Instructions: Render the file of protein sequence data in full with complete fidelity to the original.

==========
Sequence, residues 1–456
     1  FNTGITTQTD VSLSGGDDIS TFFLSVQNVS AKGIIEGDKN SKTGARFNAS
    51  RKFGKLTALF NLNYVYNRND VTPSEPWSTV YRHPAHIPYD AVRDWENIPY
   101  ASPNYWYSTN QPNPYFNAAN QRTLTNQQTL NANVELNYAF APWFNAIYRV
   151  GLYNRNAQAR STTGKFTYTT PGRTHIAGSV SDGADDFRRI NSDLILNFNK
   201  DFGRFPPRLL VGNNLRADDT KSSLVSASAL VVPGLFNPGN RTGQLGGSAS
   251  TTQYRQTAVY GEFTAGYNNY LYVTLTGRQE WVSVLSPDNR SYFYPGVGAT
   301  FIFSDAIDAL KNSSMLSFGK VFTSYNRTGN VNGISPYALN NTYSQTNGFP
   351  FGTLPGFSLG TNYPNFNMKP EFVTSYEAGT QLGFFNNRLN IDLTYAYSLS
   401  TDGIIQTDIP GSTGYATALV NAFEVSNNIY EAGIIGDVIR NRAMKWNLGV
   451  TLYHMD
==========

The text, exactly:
Sequence, residues 1–456
     1  FNTGITTQTD VSLSGGDDIS TFFLSVQNVS AKGIIEGDKN SKTGARFNAS
    51  RKFGKLTALF NLNYVYNRND VTPSEPWSTV YRHPAHIPYD AVRDWENIPY
   101  ASPNYWYSTN QPNPYFNAAN QRTLTNQQTL NANVELNYAF APWFNAIYRV
   151  GLYNRNAQAR STTGKFTYTT PGRTHIAGSV SDGADDFRRI NSDLILNFNK
   201  DFGRFPPRLL VGNNLRADDT KSSLVSASAL VVPGLFNPGN RTGQLGGSAS
   251  TTQYRQTAVY GEFTAGYNNY LYVTLTGRQE WVSVLSPDNR SYFYPGVGAT
   301  FIFSDAIDAL KNSSMLSFGK VFTSYNRTGN VNGISPYALN NTYSQTNGFP
   351  FGTLPGFSLG TNYPNFNMKP EFVTSYEAGT QLGFFNNRLN IDLTYAYSLS
   401  TDGIIQTDIP GSTGYATALV NAFEVSNNIY EAGIIGDVIR NRAMKWNLGV
   451  TLYHMD